IDEAS home Printed from
MyIDEAS: Login to save this paper or follow this series

Reducing fuel subsidy or taxing carbon? Comparing the two instruments from the economy, environment, and equity perspective for Indonesia

  • Arief Anshory Yusuf


    (Department of Economics, Padjadjaran University)

  • Arief Ramayandi


    (Center for Economics and Development Studies Dept. of Economics, Padjadjaran University)

Reducing fuel subsidy and taxing carbon have a tendency toward reducing energy consumption and carbon emissions. However, both instruments may have differing impacts in their magnitudes of the emissions reduction and on the economy as a whole. Using INDONESIA-E3 (Economy-Equity-Environment) model, a computable general equilibrium (CGE) model which includes carbon emissions, carbon taxation, as well as, strong feature in distributional analysis, this paper compares and contrast the two instruments to find which policy is better in improving the three pillars of sustainable development: economy, equity, and the environment. The result suggests that given the same amount of government budget saving, carbon tax is relatively superior to using a fuel subsidy reduction instrument, because it can accelerate the decline in CO2 emissions with a lower cost on the economy in terms of GDP reduction with more favorable distributional effect. This has not taken into account the economic incentives it creates for the economy to be less reliant on carbon-intensive energy.

If you experience problems downloading a file, check if you have the proper application to view it first. In case of further problems read the IDEAS help page. Note that these files are not on the IDEAS site. Please be patient as the files may be large.

File URL:
File Function: First version, 2008
Download Restriction: no

Paper provided by Department of Economics, Padjadjaran University in its series Working Papers in Economics and Development Studies (WoPEDS) with number 200808.

in new window

Length: 12 pages
Date of creation: Oct 2008
Date of revision: Oct 2008
Handle: RePEc:unp:wpaper:200808
Contact details of provider: Postal: Jalan Cimandiri No.6, Bandung 40115
Phone: (062)022-4204510
Fax: (062)022-4204510
Web page:

More information through EDIRC

References listed on IDEAS
Please report citation or reference errors to , or , if you are the registered author of the cited work, log in to your RePEc Author Service profile, click on "citations" and make appropriate adjustments.:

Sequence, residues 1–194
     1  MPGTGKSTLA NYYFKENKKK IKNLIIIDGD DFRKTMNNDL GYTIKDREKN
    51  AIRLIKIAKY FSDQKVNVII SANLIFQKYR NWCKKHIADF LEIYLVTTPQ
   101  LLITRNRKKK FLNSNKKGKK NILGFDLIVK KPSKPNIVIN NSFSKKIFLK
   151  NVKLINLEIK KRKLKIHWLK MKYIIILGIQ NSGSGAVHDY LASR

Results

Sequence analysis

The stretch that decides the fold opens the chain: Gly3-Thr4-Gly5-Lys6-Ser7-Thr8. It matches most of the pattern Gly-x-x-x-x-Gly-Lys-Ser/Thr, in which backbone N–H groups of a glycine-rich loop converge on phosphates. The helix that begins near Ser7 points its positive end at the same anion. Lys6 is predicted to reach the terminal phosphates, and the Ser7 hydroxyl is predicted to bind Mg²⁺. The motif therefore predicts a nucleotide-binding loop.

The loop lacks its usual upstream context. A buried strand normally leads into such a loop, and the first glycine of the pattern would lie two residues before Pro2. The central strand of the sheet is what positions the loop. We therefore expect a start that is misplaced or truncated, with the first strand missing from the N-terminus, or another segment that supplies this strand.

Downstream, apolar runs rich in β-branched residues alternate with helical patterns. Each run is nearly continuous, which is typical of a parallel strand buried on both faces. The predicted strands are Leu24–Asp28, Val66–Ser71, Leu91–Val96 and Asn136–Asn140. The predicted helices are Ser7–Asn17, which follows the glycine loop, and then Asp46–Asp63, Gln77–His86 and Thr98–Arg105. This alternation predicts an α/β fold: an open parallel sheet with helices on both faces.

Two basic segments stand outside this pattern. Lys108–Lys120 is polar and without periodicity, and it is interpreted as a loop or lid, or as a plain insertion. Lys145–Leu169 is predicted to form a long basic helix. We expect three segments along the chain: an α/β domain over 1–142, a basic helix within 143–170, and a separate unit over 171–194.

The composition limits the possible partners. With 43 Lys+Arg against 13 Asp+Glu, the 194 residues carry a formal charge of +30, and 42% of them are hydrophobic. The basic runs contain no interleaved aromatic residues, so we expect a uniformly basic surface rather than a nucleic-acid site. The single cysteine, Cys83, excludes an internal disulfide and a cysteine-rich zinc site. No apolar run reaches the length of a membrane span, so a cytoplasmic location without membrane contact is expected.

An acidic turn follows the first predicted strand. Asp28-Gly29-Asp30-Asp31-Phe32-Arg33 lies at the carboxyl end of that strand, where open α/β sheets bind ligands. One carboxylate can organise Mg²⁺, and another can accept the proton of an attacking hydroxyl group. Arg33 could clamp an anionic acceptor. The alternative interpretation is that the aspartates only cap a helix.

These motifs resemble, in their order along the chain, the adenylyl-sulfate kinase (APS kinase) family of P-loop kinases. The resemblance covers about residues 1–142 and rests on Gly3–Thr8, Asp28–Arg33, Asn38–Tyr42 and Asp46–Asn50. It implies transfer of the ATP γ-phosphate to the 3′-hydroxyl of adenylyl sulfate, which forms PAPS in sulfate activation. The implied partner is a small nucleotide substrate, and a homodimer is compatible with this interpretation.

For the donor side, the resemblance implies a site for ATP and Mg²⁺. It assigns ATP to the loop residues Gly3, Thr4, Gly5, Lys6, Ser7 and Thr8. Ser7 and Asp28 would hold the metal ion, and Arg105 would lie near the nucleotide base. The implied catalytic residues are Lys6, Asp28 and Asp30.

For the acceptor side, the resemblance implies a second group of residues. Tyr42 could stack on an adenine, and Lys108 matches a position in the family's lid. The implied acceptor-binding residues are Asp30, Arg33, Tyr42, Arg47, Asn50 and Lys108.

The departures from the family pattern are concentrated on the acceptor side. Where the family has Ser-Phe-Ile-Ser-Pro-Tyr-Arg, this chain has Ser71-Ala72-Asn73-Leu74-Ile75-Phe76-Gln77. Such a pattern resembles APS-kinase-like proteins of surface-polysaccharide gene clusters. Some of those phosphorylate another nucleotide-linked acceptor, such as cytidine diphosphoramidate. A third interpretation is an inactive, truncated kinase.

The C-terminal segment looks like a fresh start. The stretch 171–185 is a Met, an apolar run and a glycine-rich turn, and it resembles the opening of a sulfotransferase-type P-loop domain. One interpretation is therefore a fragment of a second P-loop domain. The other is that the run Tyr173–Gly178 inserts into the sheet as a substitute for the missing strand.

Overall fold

as in new window
  1. Yusuf, Arief Anshory, 2006. "Constructing Indonesian Social Accounting Matrix for Distributional Analysis in the CGE Modelling Framework," MPRA Paper 1730, University Library of Munich, Germany.
  2. Peter Warr, 2006. "The Gregory Thesis Visits the Tropics," Departmental Working Papers 2006-03, The Australian National University, Arndt-Corden Department of Economics.
  3. Tao Kong & Arief Ramayandi, 2008. "Survey Of Recent Developments," Bulletin of Indonesian Economic Studies, Taylor & Francis Journals, vol. 44(1), pages 7-32.
  4. Peter G. Warr, 2001. "Welfare Effects of an Export Tax: Thailand's Rice Premium," American Journal of Agricultural Economics, Agricultural and Applied Economics Association, vol. 83(4), pages 903-920.
  5. Philip D. Adams & J. Mark Horridge & Brian R. Parmenter, 2000. "MMRF-GREEN: A Dynamic, Multi-Sectoral, Multi-Regional Model of Australia," Centre of Policy Studies/IMPACT Centre Working Papers op-94, Victoria University, Centre of Policy Studies/IMPACT Centre.
Full references (including those not matched with items on IDEAS)

This item is not listed on Wikipedia, on a reading list or among the top items on IDEAS.

When requesting a correction, please mention this item's handle: RePEc:unp:wpaper:200808. See general information about how to correct material in RePEc.

For technical questions regarding this item, or to correct its authors, title, abstract, bibliographic or download information, contact: (Arief Anshory Yusuf)

If you have authored this item and are not yet registered with RePEc, we encourage you to do it here. This allows to link your profile to this item. It also allows you to accept potential citations to this item that we are uncertain about.

If references are entirely missing, you can add them using this form.

If the full references list an item that is present in RePEc, but the system did not link to it, you can help with this form.

If you know of missing items citing this one, you can help us creating those links by adding the relevant references in the same way as above, for each refering item. If you are a registered author of this item, you may also want to check the "citations" tab in your profile, as there may be some citations waiting for confirmation.

Please note that corrections may take a couple of weeks to filter through the various RePEc services.

This information is provided to you by IDEAS at the Research Division of the Federal Reserve Bank of St. Louis using RePEc data.